With sponsors like McDonalds, Dow Chemicals, and BP it may seem like there is no way the olympics are green. But lets be realistic, this years olympics are probably the greenest olympics ever… I am sure there is LOTS of room for improvement too.
The Olympics usually involve a tremendous amount of new construction and new materials. Luckily London had some major sports venues that were “reused” for the olympics like Wimbledon, Excel, Lords and Earls Court.
The 550 acre Olympic park was constructed on a neglected part of East End. 200 buildings were demolished. The materials from many of those buildings were ground up to gabion walls (steel mesh filled with stones and rubble). Olypmic park also has more than 4,000 trees, 74,000 plants and 300,000 wetland plants.
That commitment has carried over to many of the Games’ buildings, including the main Olympic Stadium, the lightest ever built. The 80,000 seat stadium boasts a bevy of sustainable construction features, including rainwater harvesting, a fabric roof and recycled materials.
The London Velodrome, part of the Velopark bicycling center in east London, anchors the northern end of the city’s Olympic Park. The velodrom is constructed using just a tenth of the steel required to build Beijing’s “Bird’s Nest”, the stadium weighs in at just 4,500 tons, becoming the lightest Olympic Stadium ever built. Both the indoor velodrome and nearby BMX racing track will remain after the games conclude in August. The Velodrome’s 6000 seat structure benefits from natural ventilation instead of a reliance on air conditioning thanks to the exterior’s timber cladding. The use of artificial light is also minimized because of the velodrome’s rooftop skylights. A rainwater harvesting system also reduces the amount of water needed for toilet flushing (including low-flow appliances and waterless urinals) and grounds irrigation. The park’s biggest water-saving device opened earlier this year: a new treatment plant which helps cut water use in the first place. The olympic organizers said the costs of installing such a system far exceeded the financial benefits but not the environmental ones!
The Olympic basketball arena was completed last year on time and under budget, the arena is the Olympics’ largest temporary venue. The flatpack design will allow for dismantling and future reuse elsewhere in the world. I have read (and tweeted) rumors for a long time that the arena could even be sold to the organizers of the 2016 Games in Rio de Janeiro or be reassembled in a poorer country in the future. Its lighter design also meant less steel and concrete were used in this 12,000 seat facility. London’s basketball area is the first olympic venue that really shows that the games can be more responsible and sustainable which has lead to so much buzz in the press about what future olympic cities will do to keep this trend alive.
Standing out with its wave-shaped roof, the Olympics’ second-largest building after the main Olympic Stadium is the first structure visitors see as they approach the Olympic Park. The completed Aquatics Centre has stunning ceiling, which soars over the two 50-meter pools, were built out of sustainably sourced Red Lauro timber. The exterior was constructed with precast modular blocks of concrete, which not only reduced the amount of emissions required to build the facility, but also eliminated the need for painting. The interior stands are made from steel and phthalate-free PVC wrap that will be recycled after the games. And most of the building materials, including the 866,000 tiles needed to line the pool and locker rooms, were delivered by train (more environmentally friendly mode of transportation) instead of truck. When the games are over most of the seating will be removed and a 2,500 stand venue will remain for the local community.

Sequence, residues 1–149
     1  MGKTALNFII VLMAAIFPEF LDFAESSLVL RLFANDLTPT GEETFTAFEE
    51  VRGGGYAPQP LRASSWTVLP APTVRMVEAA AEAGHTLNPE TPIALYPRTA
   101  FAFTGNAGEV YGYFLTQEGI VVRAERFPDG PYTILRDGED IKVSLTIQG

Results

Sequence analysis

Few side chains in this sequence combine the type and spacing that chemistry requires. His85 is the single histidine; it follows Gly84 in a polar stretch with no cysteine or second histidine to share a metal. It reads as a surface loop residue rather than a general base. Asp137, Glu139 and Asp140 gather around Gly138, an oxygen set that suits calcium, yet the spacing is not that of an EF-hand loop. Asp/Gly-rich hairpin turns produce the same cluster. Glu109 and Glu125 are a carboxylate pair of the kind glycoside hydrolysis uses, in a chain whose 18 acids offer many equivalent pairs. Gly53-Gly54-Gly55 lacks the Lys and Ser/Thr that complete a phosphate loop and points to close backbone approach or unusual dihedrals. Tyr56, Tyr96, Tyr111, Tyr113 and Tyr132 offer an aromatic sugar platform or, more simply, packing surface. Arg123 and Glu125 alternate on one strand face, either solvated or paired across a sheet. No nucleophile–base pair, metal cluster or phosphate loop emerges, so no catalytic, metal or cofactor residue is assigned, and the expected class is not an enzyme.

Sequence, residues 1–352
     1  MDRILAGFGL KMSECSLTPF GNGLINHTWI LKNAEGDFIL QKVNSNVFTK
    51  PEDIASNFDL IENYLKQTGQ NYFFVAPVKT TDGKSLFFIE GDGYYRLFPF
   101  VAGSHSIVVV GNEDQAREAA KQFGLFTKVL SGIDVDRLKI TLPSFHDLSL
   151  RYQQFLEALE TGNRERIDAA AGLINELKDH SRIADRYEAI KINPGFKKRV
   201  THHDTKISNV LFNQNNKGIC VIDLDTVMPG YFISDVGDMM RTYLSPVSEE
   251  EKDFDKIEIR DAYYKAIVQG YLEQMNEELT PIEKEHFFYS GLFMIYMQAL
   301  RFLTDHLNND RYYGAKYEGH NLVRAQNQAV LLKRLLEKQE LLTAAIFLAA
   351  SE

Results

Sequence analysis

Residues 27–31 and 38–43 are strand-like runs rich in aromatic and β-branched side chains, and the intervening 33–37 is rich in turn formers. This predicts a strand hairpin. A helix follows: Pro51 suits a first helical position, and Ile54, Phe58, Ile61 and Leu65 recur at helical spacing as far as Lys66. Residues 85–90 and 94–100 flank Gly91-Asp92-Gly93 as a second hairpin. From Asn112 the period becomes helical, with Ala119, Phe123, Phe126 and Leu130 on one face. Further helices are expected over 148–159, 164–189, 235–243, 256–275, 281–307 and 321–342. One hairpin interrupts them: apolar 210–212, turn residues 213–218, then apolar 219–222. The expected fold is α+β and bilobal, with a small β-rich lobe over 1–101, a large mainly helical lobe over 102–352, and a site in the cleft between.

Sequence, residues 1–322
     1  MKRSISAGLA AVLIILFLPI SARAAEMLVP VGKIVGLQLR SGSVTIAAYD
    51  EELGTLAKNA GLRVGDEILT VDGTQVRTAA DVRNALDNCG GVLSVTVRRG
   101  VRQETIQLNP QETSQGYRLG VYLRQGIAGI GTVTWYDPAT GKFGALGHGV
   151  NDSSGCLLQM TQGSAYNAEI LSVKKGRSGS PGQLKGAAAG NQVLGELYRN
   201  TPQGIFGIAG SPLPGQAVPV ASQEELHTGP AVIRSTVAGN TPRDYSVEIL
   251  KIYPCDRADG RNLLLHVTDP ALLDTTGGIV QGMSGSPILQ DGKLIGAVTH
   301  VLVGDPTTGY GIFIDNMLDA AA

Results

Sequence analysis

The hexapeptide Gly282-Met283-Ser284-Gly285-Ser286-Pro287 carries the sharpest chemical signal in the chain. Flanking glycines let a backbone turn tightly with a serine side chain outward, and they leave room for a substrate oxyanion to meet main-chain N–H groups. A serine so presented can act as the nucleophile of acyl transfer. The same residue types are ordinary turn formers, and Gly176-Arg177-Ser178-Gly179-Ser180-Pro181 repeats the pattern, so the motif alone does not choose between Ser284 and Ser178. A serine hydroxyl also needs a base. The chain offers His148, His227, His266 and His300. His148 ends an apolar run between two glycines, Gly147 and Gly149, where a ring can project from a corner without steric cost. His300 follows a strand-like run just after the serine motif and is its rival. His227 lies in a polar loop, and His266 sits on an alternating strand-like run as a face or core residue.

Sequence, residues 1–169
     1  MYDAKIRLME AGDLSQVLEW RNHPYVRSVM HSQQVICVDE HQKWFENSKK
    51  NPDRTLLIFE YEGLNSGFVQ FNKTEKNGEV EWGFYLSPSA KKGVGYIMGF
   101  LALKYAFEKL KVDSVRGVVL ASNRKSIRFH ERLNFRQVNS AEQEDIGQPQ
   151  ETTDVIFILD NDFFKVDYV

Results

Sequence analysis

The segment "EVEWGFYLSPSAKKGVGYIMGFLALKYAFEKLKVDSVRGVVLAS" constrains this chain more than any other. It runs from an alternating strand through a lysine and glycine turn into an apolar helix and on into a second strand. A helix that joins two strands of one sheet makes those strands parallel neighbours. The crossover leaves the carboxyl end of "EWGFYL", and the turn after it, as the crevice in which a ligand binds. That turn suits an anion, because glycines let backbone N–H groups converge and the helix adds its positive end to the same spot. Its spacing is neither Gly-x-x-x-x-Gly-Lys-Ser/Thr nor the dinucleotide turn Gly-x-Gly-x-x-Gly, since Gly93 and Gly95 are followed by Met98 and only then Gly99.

Beyond the structure as David Stubbs head of sustainability said, “you’ve got 10,500 athletes; double that number of media; a workforce of 200,000; 11 million ticket(ed) spectators plus all the broadcast interests and sponsors, so it’s a massive undertaking. On food alone, it’s 14 million meals.”
By working with the site’s caterers, packaging suppliers and waste-management providers, Stubbs and his colleagues are confident that they have an “end-to-end process” that will give them a precise idea of what comes into the park and what goes out of it.
The key to the Olympic disposal and recycling lies in the 4,000 or so color-coded bins that dot the park – and, later at a waste-sorting site where it will all be processed.
“The bins are very striking and are hard to miss,” he says. “We’re hoping that people will just take half a second to read the labels on them and realize that the orange mark on their cup or plate actually represents the orange of the compostable stream and that goes in there with the food waste and then the bottles and any dry paper go in the recycling bin.”
Once the bins are full, the color-coded sacks are taken to a “materials recovery facility” which is the dedicated destination for all olympic waste.
I have to say researching this topic was more difficult than I imagined. There is not that much written in the press now that the games are here about what efforts the London Olympic committee took to make this the greenest olympics ever. I will be curious to see how Rio takes London’s lead and makes the 2016 olympics the greenest and most sustainable ever!